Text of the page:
It is also important to note how this research demonstrates how the term ‘global warming’ can be somewhat misleading at times, and why ‘climate change’ is a much more appropriate description of what our planet is experiencing. (Read More)
In the summer of 2015 I was part of a geological expedition team who travelled to Northwest Tanzania to study the unique and unusual lavas of the Ol Doinyo Lengai volcano. As the sole geographer on the team, I conducted several interviews with members of the local Maasai community. Through hearing about their lifestyle, I soon realised that we need to move beyond the blanket term of conservation to consider the wider interconnections of the people, wildlife and landscapes we are trying to protect. (Read More)
For many the United Nations (UN) climate change conference in Paris at the end of November this year is a make or break moment for anthropogenic, or human-induced climate change. Negotiations over a law-binding international treaty committing governments to reduce global greenhouse gas emissions have been taking place for over two decades now. The UN’s Intergovernmental Panel on Climate Change (IPCC) has also been in existence for over twenty years now and given the lack of international progress regarding climate over that period, is the IPCC functioning effectively given the severity of the matter at hand? To assess this one needs to consider the history of the IPCC, and the methods it has adopted to convey its findings. (Read More)
Cecil the lion proved the point. The tragedy of a great beast being slain for sport is not lost on me in a world where extinction for most creatures beckons in the near future. It was quite right for their to be a shocked global outcry, particularly on social media, at something so garish. Yet the event unified people in such a wisdom of crowds type way as to beg the question why we’re not like this about the daily human travesties that occur every day all over the world. Have we become so used to hearing of famines, murder, rape, genocides, female genital mutilation and terrorism that we’ve accepted it as a fact of life? Even if these are facts of our global civilisation that may well be perennial, have we really lost our ability to care and our desire to see change? (Read More)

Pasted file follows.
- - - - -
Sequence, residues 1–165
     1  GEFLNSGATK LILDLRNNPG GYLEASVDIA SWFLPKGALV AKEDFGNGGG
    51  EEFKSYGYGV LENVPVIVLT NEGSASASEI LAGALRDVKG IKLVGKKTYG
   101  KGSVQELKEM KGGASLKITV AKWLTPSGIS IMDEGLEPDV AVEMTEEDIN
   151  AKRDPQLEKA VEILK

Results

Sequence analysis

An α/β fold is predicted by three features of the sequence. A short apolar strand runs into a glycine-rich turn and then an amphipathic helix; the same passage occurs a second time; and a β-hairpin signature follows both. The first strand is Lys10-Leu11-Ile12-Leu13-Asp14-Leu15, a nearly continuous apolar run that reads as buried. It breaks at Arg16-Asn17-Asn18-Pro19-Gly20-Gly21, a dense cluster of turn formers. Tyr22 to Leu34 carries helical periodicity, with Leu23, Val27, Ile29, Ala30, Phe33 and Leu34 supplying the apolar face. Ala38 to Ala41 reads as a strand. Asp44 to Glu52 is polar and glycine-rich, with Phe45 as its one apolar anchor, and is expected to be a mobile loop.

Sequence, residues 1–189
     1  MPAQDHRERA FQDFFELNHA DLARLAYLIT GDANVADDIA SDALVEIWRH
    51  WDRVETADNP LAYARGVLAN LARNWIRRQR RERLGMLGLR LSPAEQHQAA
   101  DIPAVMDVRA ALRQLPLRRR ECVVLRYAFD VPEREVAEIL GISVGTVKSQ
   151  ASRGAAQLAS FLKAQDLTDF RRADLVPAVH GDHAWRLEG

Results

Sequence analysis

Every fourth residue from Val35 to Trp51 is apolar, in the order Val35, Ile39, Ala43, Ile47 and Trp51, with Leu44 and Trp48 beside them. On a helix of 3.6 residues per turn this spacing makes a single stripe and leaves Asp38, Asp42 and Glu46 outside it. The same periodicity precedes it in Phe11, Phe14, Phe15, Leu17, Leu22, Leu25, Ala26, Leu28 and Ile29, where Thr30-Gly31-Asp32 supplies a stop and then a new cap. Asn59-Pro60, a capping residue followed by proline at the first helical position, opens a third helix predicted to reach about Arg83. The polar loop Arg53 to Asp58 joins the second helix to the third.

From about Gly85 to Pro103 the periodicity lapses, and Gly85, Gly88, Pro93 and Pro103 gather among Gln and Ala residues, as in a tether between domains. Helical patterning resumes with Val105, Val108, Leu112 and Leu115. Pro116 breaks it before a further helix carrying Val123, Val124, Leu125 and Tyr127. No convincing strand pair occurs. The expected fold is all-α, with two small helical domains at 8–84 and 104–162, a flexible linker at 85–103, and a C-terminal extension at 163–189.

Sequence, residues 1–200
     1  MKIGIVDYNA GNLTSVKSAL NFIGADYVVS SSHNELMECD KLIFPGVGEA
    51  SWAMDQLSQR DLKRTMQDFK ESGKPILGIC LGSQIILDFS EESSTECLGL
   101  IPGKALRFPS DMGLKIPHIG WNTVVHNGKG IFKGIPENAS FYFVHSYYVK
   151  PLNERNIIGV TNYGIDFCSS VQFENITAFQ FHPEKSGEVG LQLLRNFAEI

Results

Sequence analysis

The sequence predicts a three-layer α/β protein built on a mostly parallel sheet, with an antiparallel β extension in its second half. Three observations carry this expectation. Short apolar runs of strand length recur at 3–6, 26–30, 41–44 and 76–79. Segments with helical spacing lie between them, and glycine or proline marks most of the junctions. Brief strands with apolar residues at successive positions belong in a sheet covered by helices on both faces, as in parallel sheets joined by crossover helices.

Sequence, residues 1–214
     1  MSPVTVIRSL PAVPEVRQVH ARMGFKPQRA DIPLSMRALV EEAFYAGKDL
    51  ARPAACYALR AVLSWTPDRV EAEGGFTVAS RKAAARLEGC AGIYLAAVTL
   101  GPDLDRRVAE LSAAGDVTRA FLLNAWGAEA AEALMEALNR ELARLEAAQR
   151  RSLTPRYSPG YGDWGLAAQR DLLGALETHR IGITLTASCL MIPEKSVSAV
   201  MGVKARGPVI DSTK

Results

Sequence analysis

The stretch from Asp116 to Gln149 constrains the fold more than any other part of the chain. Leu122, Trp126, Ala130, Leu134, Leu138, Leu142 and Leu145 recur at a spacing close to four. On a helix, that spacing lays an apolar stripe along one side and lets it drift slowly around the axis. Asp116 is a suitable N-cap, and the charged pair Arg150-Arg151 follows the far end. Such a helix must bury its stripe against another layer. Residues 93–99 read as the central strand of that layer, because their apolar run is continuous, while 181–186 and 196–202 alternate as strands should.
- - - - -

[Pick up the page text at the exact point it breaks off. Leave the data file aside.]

When the history of the early 21st century is written it will likely tell of a single day as the fateful turning point. 9/11 will be recorded as the point when the ‘war on terror’ was launched in earnest, unleashing untold havoc across the world. With its vacuously intoxicating allure the war on terror has torn resources from other pressing issues globally and for the last 15 years the ‘war on terror’ has absorbed so much of our attention that little else has managed to squeeze itself on to the agenda. Military budgets have ballooned and the bombing of foreign countries has become common practice in disregard to international law. (Read More)
2015 could be the year that mankind united and rises above national grievances and takes action against a threat that we all face. Climate change is upon us and our actions have already led to significant and irreversible changes to our planet. The climate summit in Paris in December will be the last chance to seriously address the problem – inaction now and we will not be able to meet the critical 2 degree target. If the planet heats more than 2 degrees we are in unchartered waters, waters that will very dangerous for all species on this Earth, not only humans. (Read More)
What if we could address Britain and Scotland’s energy security before it became a real problem, with a solution that not only offers cheap and reliable electricity, but also allows for us to meet our emission targets? Renewable energy sources are important yet usually fail two out of three tests all while the hypocrisy of the SNP remains astounding. (Read More)
Many of the greatest revolutions that mankind has experienced have been linked to the innovation or exploration of new energy sources. Coal allowed us to leave the Dark Ages behind and step into the Industrial Revolution. The automobile revolution, driven by oil, continued that revolution. But we are now standing on the brink of a new step, a new revolution. The question is, will we dare to seize the moment? (Read More)